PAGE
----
(Ed Ward, Rolling Stone, 1970)
Fairport Convention’s early years can best be described as a sequence of transitional periods. The years 1968 to 1970 saw a dizzying amount of line-up changes, stylistic shifts, and personal tragedy (a deadly post-gig van crash after which they nearly called it quits). In that span of two years they also managed to record several classic albums, each with it’s own distinct vibe due to the revolving door of key band members. While their early sound was inspired by West Coast psychedelia and singer-songwriters like Dylan, Richard Farina and Joni Mitchell, they gradually abandoned those influences in favour of a repertoire of electrified British folk songs. This culminated in the 1969 recording of Liege & Lief, by far their most celebrated album. That record (which I’ll admit I find it a little bit underwhelming) was touted as the birth of British folk-rock, and was highlighted by the celestial tones of singer Sandy Denny, and by spirited arrangements of traditional songs like “Tam Lin” and “Matty Groves”, till then unknown in the rock world.
The general consensus seems to be that the three records they released in 1969 (What We Did On Our Holidays, Unhalfbricking and Liege & Lief) are the band’s best, and that what followed was a slow and steady decline. Certainly, the departure of Sandy Denny (their key attraction at that point) was a major blow, and the band’s infatuation with esoteric traditional material ensured that it wouldn’t have much more than a cult following. Still, they released plenty of solid albums in the 70s, most of which made little impact at the time, and are today only beginning to be rediscovered. Case in point: Pitchfork reviewed the reissues of What We Did On Our Holidays and Unhalfbricking, giving them high ratings of 8.8 and 9.3 respectively, without so much as mentioning the 10 or so other albums of theirs that had also been reissued.
One particularly overlooked period of their history (though cherished by diehard fans) is what is referred to as the “Full House era”. This alludes to both the album, Full House, which followed Liege & Lief; and to the line-up that recorded it, which was revered for its instrumental prowess and spectacular shows.
While this album lacks both the diversity of their earlier ones and Denny' breathtaking voice, I would argue that it’s probably their best. It is simply in a world of its own. It's timeless in the truest sense, sounding at once ancient and modern. A seemingly simple album that’s charming in its humility, but surprisingly powerful when it wants to be.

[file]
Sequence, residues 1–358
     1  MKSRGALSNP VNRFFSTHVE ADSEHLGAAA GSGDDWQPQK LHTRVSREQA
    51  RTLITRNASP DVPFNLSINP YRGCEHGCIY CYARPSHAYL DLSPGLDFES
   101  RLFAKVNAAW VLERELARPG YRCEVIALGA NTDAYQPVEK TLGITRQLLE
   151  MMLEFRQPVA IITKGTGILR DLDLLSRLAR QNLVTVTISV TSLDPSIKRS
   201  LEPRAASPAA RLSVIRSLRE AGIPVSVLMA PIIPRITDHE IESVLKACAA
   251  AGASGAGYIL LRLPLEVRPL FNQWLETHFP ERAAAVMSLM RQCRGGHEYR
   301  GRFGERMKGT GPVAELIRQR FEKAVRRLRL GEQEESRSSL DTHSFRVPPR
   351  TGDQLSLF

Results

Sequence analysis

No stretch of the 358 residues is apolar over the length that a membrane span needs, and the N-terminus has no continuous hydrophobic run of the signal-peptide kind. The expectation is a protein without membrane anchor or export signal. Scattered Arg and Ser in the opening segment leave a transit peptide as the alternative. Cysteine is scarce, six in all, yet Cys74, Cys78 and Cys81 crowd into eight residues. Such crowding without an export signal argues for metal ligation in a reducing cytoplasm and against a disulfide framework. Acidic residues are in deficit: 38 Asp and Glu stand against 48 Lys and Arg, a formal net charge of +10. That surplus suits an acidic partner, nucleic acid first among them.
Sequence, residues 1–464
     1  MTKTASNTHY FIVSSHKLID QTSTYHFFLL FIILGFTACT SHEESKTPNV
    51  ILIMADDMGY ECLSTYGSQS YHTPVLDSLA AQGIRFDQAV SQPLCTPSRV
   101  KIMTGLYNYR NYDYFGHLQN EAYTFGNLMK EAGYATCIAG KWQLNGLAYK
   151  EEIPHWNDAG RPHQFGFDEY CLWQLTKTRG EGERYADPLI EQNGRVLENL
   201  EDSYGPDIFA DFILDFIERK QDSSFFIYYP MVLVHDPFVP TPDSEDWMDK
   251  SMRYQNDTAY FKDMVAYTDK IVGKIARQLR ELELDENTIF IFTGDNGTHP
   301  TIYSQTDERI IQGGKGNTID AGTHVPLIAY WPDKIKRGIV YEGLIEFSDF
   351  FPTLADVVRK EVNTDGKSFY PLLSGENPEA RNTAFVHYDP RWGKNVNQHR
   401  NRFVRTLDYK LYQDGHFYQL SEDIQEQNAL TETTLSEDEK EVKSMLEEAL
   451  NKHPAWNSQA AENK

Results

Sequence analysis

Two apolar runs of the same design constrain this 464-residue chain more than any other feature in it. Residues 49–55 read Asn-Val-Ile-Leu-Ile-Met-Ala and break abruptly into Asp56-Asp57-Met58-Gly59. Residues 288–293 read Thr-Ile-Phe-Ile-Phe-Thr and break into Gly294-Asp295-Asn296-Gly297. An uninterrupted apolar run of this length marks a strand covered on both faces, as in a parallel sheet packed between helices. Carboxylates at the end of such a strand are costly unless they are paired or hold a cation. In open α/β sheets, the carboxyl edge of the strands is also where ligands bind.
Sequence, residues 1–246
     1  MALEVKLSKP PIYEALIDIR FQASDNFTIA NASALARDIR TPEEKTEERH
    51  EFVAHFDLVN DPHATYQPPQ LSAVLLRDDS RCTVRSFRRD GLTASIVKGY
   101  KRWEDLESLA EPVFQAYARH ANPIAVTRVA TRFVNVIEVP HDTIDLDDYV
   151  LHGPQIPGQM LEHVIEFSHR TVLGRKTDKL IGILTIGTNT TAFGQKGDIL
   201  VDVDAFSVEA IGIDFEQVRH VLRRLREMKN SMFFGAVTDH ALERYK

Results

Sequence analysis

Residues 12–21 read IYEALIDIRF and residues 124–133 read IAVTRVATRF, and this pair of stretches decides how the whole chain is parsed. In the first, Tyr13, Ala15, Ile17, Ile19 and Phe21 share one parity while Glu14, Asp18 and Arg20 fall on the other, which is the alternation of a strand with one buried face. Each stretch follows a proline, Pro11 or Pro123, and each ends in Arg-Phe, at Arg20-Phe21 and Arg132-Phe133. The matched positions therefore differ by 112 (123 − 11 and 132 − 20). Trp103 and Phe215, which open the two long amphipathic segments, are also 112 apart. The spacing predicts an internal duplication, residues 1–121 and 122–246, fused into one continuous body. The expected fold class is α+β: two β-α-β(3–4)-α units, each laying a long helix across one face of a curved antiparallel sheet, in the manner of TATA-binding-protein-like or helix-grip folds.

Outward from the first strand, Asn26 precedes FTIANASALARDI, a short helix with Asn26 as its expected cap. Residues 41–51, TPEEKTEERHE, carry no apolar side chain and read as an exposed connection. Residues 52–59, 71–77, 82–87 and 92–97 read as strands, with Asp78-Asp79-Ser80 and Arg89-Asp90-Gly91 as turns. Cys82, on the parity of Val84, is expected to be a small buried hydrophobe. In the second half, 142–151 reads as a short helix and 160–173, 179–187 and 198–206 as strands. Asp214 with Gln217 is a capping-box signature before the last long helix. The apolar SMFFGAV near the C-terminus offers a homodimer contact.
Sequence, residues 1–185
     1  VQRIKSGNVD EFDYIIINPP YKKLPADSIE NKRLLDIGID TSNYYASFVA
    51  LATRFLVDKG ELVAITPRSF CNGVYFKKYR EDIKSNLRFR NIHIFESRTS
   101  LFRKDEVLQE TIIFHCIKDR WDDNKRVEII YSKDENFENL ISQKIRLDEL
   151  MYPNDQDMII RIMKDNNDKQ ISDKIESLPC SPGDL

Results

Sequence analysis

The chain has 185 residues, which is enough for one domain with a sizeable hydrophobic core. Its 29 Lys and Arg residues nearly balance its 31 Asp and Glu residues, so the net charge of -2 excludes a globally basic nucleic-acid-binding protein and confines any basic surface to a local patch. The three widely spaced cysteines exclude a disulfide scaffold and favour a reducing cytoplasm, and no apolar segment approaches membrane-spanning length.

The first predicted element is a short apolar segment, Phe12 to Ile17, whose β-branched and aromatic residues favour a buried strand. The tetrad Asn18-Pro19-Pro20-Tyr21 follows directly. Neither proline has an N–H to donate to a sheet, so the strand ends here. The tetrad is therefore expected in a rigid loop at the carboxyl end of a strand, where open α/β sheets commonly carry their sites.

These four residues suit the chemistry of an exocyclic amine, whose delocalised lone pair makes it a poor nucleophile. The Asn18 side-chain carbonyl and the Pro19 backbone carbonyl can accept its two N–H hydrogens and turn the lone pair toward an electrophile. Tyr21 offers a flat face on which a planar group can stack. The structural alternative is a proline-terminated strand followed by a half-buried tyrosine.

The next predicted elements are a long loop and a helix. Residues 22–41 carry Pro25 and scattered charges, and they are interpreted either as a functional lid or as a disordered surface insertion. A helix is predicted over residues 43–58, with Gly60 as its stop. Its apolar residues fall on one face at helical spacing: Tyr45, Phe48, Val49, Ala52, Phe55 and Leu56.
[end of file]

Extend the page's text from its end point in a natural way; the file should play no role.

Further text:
Compared to Liege & Lief it sounds less affected - earthier maybe. It might have to do with the singing, which, following Denny's departure, was taken up by the previously non-singing instrumentalists. The voices are rough and plain, but work well with this kind of material. The performances are jaunty and hard-edged, but you can tell that the band doesn’t take itself too seriously. While maybe not as important as its predecessor, the album is definitely a lot more fun. It’s also among the most hard rocking and viscerally satisfying records of the band’s career, in no small part due to the chemistry between demon-fiddler David Swarbrick and impossibly-talented-beyond-his-years guitarist Richard Thompson.
Their duets on the jigs and reels are always impressive, even when those tracks last a minute or two longer than they should. The album’s centerpiece is definitely “Sloth”, a cryptic little anti-war dirge punctuated by ferocious group improvisations. An epic slow-burning track, it combines power and finesse in a way that manages to keep you riveted throughout its nine-minute length.
House Full, a live album recorded in 1970 at the Troubadour in LA, captures the band in peak form. This 12 minute long take on “Sloth” is even more beastly than the album version, with plenty of tense build-ups, jagged, downright frightening guitar improvisations, and apocalyptic drum rolls. Good stuff. Other highlights include a spirited version of “Matty Groves” (to this day their most popular song), a poignant take on the stately pipe song “Battle of the Somme”, and a goofy little exotica track, “Yellow Bird”.
These records probably aren’t for everyone, but I recommend doing what the Rolling Stone guy said at the top of this post. Give a couple of listens and see if they grow on you. They're definitely worth it.
Full House (1970)
http://www.megaupload.com/?d=VLLJSHBM (9-12 are bonus tracks)
House Full (1976)